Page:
"I could not trust him, Terence; I would hand over a bag of gold uncounted to him, but as for whisky, the temptation would be too great for an Irishman to resist. Look here, you put it into a wooden box and nail it up securely, and write on it 'O'Grady's arm,' and hand it over to him solemnly, and tell him that I have a fancy for burying the contents myself, which will be true enough, though it is me throat I mean to bury it in."

Knowing that it was best they should be left in quiet, Terence soon left them and returned to the regiment.

"Well, Dick, what did you think of a battle?" he asked his chum.

"I don't quite know what I did think. It does not seem to me that I thought much about it at all, what with the noise of the firing and the shouting of the men, and the whistle overhead of the French round shot, and the men cheering, the French shouting and the excitement, there was no time for thinking at all. From the time the skirmishers came running up the hill to the time when we rolled the French down it, I seem to have been in a dream. It's lucky that I had no words of command to give, for I am sure I should not have given them. I don't think I was frightened at all; somehow I did not seem to think of the danger. It was just a horrible confusion."

"I felt very much like that, too. It was not a bit like what it was when we took that brig; I felt cool enough when we jumped on to her deck. But then there was no noise to speak of, while the row this morning was tremendous. I tried to cheer when the men did, but I could not hear my own voice, and I don't know whether I made any sound or not."

A delay of some weeks took place after the battle of Vimiera. The Mayo Fusiliers were not among the troops who entered Lisbon in order to overawe the populace and prevent attacks both upon French soldiers and officers, and Portuguese suspected of leaning towards the French cause. Throughout the country everything was in confusion. A strong party, at whose head were the Bishop of Oporto and Friere, denounced the convention with the French--against whom they themselves had done nothing--as gross treachery on the part of the English to Portugal. They endeavoured in every way to excite the feelings of the population, both in the country and the capital, against the British; but in this they failed altogether, for the people were too thankful to get rid of the oppression and exactions of the invaders to feel aught but satisfaction at their being compelled to leave the country.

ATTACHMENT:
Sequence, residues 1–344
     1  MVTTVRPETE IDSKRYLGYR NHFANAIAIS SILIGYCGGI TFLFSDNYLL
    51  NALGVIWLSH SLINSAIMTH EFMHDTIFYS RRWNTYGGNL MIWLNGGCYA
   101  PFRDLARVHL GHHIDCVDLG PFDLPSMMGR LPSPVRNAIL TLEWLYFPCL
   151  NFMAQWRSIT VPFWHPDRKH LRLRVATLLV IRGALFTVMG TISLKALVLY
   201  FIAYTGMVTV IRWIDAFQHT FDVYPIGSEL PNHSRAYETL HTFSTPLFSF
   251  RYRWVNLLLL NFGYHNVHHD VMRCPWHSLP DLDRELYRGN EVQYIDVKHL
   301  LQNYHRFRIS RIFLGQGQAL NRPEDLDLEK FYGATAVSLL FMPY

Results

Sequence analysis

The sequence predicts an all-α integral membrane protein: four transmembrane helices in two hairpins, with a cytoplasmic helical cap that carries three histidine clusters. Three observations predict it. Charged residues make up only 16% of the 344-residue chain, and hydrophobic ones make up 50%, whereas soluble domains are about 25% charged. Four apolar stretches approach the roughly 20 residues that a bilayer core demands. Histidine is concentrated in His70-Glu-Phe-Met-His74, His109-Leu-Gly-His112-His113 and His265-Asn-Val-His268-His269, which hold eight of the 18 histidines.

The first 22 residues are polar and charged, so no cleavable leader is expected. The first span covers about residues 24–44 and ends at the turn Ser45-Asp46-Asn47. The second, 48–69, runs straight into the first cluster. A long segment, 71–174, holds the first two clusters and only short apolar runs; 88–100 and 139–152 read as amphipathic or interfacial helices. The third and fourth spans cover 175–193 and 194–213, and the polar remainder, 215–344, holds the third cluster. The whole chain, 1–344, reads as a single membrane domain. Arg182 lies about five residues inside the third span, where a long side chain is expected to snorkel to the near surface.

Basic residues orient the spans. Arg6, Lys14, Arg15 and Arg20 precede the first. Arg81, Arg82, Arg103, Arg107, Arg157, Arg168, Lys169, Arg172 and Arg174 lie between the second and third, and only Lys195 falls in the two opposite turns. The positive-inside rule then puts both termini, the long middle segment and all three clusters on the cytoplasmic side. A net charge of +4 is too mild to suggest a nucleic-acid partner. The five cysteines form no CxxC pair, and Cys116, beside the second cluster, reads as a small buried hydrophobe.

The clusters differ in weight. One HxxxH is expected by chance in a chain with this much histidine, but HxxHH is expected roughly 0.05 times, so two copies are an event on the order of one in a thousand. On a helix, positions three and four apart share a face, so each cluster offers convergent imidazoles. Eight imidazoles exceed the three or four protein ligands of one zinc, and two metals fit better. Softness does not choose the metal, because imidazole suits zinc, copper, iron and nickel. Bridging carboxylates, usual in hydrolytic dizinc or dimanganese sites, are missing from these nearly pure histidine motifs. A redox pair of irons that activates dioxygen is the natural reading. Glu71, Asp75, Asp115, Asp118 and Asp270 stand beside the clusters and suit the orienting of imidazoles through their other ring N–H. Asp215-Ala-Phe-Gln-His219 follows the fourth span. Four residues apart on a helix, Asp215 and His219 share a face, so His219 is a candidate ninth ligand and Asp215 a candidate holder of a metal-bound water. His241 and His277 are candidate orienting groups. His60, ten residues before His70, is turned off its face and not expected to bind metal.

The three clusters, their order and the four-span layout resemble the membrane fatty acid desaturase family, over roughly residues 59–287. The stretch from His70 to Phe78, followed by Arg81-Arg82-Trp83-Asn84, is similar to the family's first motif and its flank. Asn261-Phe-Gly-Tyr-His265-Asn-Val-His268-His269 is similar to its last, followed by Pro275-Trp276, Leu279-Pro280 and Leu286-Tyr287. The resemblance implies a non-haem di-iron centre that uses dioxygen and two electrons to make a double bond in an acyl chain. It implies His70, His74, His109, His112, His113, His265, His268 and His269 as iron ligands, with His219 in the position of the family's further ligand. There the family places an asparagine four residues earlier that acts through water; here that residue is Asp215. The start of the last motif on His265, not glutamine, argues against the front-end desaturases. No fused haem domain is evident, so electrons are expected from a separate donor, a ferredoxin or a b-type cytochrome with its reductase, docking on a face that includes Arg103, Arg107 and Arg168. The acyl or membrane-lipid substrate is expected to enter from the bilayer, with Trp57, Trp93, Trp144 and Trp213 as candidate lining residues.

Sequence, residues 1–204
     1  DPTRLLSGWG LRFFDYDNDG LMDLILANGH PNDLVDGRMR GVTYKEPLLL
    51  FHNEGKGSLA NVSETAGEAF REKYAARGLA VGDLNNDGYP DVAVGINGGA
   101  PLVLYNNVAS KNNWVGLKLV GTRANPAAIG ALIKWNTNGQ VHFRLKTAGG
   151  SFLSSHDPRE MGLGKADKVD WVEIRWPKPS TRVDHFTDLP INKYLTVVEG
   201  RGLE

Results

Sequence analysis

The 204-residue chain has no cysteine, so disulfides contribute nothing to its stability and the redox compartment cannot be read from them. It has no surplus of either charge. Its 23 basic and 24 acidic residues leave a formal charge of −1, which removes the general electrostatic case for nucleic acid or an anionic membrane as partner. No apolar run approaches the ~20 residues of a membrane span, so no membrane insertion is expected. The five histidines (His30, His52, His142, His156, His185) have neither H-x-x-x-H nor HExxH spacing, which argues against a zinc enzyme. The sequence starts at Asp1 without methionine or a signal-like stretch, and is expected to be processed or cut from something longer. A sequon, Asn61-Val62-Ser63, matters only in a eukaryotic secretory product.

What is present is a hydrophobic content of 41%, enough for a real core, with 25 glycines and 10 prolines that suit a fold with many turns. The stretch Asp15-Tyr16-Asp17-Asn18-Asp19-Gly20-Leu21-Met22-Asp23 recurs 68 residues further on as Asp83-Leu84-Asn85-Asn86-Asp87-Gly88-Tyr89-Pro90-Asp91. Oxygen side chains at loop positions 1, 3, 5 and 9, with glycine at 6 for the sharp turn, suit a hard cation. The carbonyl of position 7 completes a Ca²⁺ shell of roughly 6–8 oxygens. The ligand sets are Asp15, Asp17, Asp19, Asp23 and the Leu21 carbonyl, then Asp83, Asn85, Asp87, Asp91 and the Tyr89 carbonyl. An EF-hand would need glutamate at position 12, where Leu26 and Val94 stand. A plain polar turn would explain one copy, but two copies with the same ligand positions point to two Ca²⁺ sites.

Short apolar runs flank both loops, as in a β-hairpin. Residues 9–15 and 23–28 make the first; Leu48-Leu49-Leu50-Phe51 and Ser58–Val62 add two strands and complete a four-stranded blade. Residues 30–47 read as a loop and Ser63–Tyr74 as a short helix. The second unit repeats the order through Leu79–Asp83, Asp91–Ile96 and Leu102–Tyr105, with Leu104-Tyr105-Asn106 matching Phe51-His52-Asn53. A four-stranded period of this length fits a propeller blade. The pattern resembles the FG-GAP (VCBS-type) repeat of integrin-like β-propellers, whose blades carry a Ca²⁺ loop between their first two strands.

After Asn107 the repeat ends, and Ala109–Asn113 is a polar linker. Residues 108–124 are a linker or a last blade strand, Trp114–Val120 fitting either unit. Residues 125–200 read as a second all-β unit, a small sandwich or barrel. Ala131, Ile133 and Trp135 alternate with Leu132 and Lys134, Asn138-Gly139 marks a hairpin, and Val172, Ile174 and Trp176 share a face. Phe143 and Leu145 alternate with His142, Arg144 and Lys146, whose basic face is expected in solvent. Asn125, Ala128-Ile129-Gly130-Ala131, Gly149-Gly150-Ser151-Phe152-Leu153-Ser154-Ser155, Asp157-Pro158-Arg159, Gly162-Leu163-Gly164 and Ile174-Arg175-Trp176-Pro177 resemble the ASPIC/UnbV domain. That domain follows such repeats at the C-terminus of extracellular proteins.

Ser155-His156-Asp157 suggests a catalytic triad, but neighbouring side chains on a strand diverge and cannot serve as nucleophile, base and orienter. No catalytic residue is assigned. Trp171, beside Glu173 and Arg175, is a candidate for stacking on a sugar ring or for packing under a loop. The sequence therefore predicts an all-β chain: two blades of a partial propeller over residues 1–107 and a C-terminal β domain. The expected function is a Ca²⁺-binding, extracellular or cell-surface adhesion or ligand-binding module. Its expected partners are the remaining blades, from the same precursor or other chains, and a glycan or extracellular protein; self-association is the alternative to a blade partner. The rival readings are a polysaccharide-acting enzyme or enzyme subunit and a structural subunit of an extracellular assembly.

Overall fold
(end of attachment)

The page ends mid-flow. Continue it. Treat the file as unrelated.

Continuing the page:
The Junta at Oporto, at whose head was the bishop, desired to grasp the entire power throughout the country, and were furious at being thwarted in their endeavours to prevent a central Junta being established at Lisbon. Throughout Spain also chaos reigned. Each provincial Junta refused co-operation with others, and instead of concerting measures for resistance against the great force that Napoleon was assembling on the frontier, thought only of satisfying the ambitions and greed of its members. The generals disregarded alike the orders from the central Junta at Madrid and those of the provincial Juntas, quarrelled among themselves to a point that sometimes approached open hostility, and each acted only for his private ends. Arms had been sent in vast numbers from England; yet, while the money so lavishly bestowed by British agents went into the pockets of individuals, the arms were retained by the Juntas of Seville, Cadiz, and the maritime ports, and the armies of Spain were left almost unarmed.

The term army is indeed absurd, as applied to the gatherings of peasants without, an idea of discipline, with scarcely any instruction in drill, and in the majority of, cases, as the result proved, altogether deficient in courage; and yet, while neglecting all military precautions and ready to crumble to pieces at the first approach of the French, the arrogance and insolence of the authorities, civil and military alike, were absolutely unbounded. They disregarded wholly the advice of the British officers and agents, and treated the men who alone could save them from the consequences of their folly with open contempt.